His first novel, The Gone-Away World, takes place in a near future after some kind of event has left only a narrow band of land habitable, protected by the mysterious chemicals from a pipeline. In Harkaway’s tour de force first chapter, we discover that this pipeline has been breached and the refinery that fills it is aflame. A misfit crew of mercenaries, including the unnamed narrator and his lifelong friend Gonzo Lubitsch, is asked by a powerful bureaucrat to fix the problem.
After that, the story alternates between exploring the narrator’s adventures in the present and the past. Slowly, we discover the twisty story of how the world came to an end, how the narrator was rendered unreal, and how he attempts to recover his life. This plot is impossible to condense, but the astonishing thing is that although this story is halfway in fantasy, halfway in reality, half serious and half parody, and loaded with characters like pirates, ninjas, and mimes, in the end it all makes a perfectly bizarre kind of sense. There are plot twists you won’t see coming in a million years, enough eccentrics to populate a small country, and enough madcap but spot-on social observations to make every page an adventure.
This is a dense read. Expect a challenge. But whether you enjoy science fiction, literary fiction, or humor, I think you’ll find it truly rewarding, a book that’s worth the effort for vivid style, biting social commentary, audacious metaphors, and imaginative world building. Don’t expect a standard post-apocalyptic dystopia, expect a weird, bumpy ride through a surreal landscape. Strap in and enjoy!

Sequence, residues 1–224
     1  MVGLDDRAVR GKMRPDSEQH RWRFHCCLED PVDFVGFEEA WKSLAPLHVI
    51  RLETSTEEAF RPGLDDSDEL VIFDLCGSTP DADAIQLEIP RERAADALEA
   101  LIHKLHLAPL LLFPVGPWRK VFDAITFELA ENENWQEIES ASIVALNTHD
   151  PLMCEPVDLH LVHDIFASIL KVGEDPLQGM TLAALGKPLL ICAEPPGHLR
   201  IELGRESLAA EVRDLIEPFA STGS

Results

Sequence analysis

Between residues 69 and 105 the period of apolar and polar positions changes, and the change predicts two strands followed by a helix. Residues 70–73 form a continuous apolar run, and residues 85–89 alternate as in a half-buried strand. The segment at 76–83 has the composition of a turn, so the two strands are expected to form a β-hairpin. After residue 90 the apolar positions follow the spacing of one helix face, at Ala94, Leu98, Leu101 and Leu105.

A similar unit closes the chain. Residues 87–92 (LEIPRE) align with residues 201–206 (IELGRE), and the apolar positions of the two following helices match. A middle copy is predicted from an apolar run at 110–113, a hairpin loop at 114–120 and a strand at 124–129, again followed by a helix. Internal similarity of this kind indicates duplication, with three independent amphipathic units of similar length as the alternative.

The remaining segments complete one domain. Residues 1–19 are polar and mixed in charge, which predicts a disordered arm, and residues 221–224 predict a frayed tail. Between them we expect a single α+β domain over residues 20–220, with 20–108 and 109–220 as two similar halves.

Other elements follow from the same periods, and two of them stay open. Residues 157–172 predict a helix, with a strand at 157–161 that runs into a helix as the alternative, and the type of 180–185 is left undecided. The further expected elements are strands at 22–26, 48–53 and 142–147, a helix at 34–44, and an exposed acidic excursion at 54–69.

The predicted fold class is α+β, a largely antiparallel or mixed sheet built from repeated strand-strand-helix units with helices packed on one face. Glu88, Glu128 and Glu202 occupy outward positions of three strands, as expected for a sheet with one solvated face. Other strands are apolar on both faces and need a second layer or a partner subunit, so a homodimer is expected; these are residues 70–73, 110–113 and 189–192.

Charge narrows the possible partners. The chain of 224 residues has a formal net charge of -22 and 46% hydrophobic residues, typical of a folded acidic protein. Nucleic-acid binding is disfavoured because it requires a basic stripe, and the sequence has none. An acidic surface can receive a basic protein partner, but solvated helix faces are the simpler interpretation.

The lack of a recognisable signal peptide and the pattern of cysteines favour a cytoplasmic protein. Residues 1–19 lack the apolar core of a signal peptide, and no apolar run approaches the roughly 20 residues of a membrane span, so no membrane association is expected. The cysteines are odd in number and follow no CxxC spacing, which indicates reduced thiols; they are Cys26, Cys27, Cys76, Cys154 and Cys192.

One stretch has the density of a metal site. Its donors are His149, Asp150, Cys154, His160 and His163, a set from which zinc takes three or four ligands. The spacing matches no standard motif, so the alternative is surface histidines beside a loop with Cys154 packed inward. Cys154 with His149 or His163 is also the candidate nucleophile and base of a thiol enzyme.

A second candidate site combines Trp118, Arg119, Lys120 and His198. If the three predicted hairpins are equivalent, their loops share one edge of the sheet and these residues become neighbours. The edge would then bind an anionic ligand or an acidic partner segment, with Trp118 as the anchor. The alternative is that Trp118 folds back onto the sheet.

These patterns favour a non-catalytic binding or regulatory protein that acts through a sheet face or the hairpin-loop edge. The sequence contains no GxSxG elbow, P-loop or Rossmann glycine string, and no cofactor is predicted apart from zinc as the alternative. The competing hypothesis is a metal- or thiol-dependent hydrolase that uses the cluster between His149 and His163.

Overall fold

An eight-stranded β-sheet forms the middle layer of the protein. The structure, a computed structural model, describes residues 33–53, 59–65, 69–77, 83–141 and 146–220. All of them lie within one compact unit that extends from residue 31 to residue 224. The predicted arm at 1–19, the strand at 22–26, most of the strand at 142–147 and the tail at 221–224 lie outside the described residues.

Check the WRL catalog for The Gone-Away World
James Garfield is an American president most don’t know more about than that he fell victim to an assassin. That’s a shame, because unlike so many of our presidents, whose lives stand up poorly to scrutiny, Garfield was a truly admirable man. If you read Candice Millard’s book Destiny of the Republic: a Tale of Madness, Medicine, and the Murder of a President, you’re guaranteed to finish with a much better knowledge of a great American and the times in which he lived.
The book begins at the Republican convention of 1880, and reading about it will make readers understand how completely the political process has changed. Garfield is there to give the nominating speech for his fellow Ohio Senator John Sherman, the major competitor to the machine-backed Ulysses Grant. His speech is so good, that when the convention is deadlocked between the other two candidates, the little known Garfield sneaks onto a few ballots as a compromise choice. With each ballot, his support grows, until despite Garfield’s stunned objection, he finds himself the Republican nominee for President. Back then it was considered distasteful to stump for oneself much, so Garfield returned to his Ohio farm for the duration of the election, where he indulged his love of books, learning, farming, and family while others campaigned on his behalf.